We have been together for 25 weeks; by now, you have discovered the bulges and sprouts of your body. I know this, because I can feel you, testing its limits. At least twice a day, you knead a tender spot of flesh, just above my pelvis, or else I feel you nuzzling a space against my navel. I can only imagine your activity: the rubbing of an eyelid with a closed little fist; the wide-armed sprawl of a yawn; a casual crossing of legs after meals; an elbow jab to clear a favored uterine space. For some reason, I rarely imagine you kicking.
You have likely noticed your size—just over one pound and one foot—and how your bones have begun to gather weight and roundness. There are new discoveries to seize in each moment, intimate observations, to which I am not privy. I know you are marking all your fine hairs and appendages, each nostril and elbow and knee, and under the gums, the buds of what will be teeth. You don’t yet know the names of these things, have not learned all the uses of a tongue, beyond taste, and how powerful and painful its lashes. But they are present to you now, these delicate and crude protrusions you will own every day of your life.
I’m sure it thrills you now as, of course, it should. But there may come a time, when you will touch your tiny nose and you will frown as its flatness or point. You will pinch at the fat ’round your hips, and blush at how much of it bunches between thumb and forefinger. You will tilt your head and lament that your eyes are not a comelier color. You will wish your breasts were larger or smaller or less prone to the slight imbalance in size you will likely inherit from me. You will accrue scars that tell stories of mishaps you’d rather forget. You’ll grow wistful of ganglier days, before newfound curves began drawing unwanted attention.
Then one day, just before you’re ready, blood will begin to seep from a sacred orifice, pulling with it a pain as acute as it is indescribable. And slowly, you’ll forget how it felt to be carefree, when just a bath full of toys and bubbles left you feeling fresh and scrubbed, when you didn’t need an arsenal of puffs and pads and antiperspirants to prep for each new day.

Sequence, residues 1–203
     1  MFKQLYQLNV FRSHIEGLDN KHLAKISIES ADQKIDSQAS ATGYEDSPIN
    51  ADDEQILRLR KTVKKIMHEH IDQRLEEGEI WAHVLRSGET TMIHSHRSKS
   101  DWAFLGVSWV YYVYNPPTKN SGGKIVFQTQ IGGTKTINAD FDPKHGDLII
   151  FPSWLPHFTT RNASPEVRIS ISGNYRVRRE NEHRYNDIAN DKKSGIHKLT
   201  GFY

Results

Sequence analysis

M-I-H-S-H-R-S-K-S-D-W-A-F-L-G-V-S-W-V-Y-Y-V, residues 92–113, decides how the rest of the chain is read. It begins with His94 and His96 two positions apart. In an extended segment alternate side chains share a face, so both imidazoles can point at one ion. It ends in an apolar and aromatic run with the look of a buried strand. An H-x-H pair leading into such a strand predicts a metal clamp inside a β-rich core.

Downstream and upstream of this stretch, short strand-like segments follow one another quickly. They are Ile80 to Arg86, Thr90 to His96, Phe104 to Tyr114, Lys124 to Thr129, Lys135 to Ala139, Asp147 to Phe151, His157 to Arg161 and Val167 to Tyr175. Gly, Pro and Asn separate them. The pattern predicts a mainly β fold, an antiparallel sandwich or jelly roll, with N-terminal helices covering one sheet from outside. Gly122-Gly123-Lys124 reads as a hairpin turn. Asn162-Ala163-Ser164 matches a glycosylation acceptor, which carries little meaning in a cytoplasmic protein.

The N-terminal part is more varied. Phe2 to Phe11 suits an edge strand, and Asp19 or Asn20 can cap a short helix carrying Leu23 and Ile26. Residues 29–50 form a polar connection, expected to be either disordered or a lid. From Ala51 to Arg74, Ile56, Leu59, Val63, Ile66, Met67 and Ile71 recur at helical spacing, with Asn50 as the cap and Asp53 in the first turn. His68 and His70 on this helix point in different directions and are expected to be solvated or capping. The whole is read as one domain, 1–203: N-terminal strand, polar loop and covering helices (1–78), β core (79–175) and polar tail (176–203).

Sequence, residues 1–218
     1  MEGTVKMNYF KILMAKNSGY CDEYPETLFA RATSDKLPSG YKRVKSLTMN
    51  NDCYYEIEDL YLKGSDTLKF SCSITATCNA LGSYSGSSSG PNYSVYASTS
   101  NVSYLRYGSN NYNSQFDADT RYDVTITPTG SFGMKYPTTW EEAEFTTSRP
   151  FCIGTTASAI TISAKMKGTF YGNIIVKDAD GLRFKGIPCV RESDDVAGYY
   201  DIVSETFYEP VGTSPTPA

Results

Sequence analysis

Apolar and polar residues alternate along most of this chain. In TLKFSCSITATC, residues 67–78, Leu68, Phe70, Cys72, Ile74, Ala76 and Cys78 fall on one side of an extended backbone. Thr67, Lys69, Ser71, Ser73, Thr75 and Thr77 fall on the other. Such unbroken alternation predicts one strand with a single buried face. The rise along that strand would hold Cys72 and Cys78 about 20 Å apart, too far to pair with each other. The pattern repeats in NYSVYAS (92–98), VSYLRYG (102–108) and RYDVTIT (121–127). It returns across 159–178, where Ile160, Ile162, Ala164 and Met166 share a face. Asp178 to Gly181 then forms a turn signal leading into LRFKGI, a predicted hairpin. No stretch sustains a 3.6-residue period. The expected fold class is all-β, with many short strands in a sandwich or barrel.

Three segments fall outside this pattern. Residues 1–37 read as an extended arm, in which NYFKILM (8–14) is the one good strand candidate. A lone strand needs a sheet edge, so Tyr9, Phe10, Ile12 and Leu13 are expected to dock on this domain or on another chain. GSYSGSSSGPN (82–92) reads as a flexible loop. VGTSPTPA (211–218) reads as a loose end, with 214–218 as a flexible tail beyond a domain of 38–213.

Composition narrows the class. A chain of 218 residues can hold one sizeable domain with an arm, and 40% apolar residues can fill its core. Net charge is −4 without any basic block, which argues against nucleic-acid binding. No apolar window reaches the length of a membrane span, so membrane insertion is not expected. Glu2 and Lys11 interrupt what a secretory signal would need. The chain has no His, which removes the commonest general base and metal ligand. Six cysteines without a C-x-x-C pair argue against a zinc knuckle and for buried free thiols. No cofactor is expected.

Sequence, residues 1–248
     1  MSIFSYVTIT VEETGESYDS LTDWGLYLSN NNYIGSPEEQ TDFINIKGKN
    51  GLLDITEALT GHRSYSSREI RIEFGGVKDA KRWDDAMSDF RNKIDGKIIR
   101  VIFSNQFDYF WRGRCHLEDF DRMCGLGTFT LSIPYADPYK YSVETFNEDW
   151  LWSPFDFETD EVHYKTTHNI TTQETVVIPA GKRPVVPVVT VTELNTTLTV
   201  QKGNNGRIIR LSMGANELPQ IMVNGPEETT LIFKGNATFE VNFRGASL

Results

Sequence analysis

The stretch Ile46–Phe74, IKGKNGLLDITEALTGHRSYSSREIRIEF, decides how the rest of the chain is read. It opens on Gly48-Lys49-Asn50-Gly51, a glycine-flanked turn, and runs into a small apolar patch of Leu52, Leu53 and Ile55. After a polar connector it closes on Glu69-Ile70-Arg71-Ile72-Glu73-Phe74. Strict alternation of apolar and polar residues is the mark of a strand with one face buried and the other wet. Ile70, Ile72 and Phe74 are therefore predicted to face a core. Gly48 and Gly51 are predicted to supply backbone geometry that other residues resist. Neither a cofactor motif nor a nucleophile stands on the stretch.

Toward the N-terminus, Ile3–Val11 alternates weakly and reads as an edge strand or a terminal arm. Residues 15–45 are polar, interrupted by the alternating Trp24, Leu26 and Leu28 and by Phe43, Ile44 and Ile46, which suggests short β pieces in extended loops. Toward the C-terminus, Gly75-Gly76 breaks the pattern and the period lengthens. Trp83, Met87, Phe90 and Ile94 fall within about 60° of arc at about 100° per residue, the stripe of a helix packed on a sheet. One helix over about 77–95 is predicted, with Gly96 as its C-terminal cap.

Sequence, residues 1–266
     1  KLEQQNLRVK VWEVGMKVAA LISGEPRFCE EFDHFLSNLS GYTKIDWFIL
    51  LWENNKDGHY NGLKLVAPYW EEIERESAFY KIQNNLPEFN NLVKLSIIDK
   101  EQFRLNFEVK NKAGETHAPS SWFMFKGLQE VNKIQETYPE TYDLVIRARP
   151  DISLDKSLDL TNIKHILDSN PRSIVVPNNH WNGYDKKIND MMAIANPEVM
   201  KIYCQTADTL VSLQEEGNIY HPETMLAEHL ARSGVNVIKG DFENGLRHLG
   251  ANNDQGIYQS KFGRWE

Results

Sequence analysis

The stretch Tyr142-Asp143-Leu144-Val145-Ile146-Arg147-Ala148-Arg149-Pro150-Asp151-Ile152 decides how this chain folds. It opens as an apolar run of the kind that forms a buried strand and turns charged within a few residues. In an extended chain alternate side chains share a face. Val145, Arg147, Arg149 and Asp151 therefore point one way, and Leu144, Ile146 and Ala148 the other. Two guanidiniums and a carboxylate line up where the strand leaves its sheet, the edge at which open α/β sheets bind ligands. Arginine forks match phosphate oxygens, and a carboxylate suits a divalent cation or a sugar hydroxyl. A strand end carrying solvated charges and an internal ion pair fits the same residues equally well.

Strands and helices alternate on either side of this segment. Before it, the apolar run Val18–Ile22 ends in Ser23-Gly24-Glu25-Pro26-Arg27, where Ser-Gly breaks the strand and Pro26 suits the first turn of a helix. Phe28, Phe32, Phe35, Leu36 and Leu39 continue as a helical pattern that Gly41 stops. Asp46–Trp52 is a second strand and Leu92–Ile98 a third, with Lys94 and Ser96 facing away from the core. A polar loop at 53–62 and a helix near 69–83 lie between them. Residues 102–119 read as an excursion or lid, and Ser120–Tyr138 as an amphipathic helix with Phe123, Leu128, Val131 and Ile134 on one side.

It’s possible there will come a time when you’ll worry over why you were created woman, why you were trusted with such power, without being afforded the series of secret codes required to successfully mine it.
Sometimes, I’ll find you crying over woes you can’t articulate. And then there will be other times you’ll catch me at the same.
I hope you won’t inherit my catalog of insecurities, and I will bear the onus of buffering your esteem.
But as a woman, little, stray laments over looks and dreams and talents will always find their way to your core. You are thinking outwardly, anticipating the expectations of others, and often unwittingly shaping yourself in ways that meet them. Even if I make you feel like Supergirl or She-Ra, you’ll still squint in the mirror at the faintest sign of acne and you’ll wish you didn’t have to face the world, wearing the shine and scar of it. Even enveloped in love, you will find some small moment to doubt yourself.
We women are different this way, ever conscious of our beauties and our ugliness, too.
I’m just glad you didn’t know me at twelve, when my skin was mottled and pocked, my hair full of poofs and unpermed. I did not believe myself capable of outward beauty—and prettiness was a coveted commodity for me. I’d just had a growth spurt, but still bore the chubbiness of childhood. I walked among a group of girls more confident than I and wondered after the wells from which they drew their worth. (It would take me fifteen years to find my own.)
I wouldn’t have been very good company for the girl I hope you’ll be.
It’s best that you’re inheriting me now, after I’ve discovered how to look at myself and see only the potential for praise or improvement. Even as I sink into fits of insecurity over the uneven heft of my breasts, the tent and the tarp of my shirts, the incremental creeping up of pounds on hospital scales, the broadness and the widening of my face and feet and thighs, I can force myself into proper perspective and see the weight and weirdness as talismans of power.
I will teach you to embrace each part, the gorgeous and the ghoulish. And you will be a force, a gale, a woman who’s mastered her weaponry.
10 responses to “Beautiful… and Ugly, Too.”
superb, all the very best 🙂
How utterly gorgeous.
muy bien, muy bien. (that’s probably *completely* incorrect. lol)
lovely as always. 🙂
Yeah. (c) Abed
lol! i *still* laugh when i think about that.
stunning, luminous words, suffused with love.
thank you, everyone. 🙂
Great read, S!
This is beyond beautiful. Wow, your baby is lucky to have you as a mother.
One of my favorites: “You don’t yet know the names of these things, have not learned all the uses of a tongue, beyond taste, and how powerful and painful its lashes.”
She’s already a lucky little blessing, she’s got you for a mother… This is a wondrous journey, Stacia… So wondrous, indeed.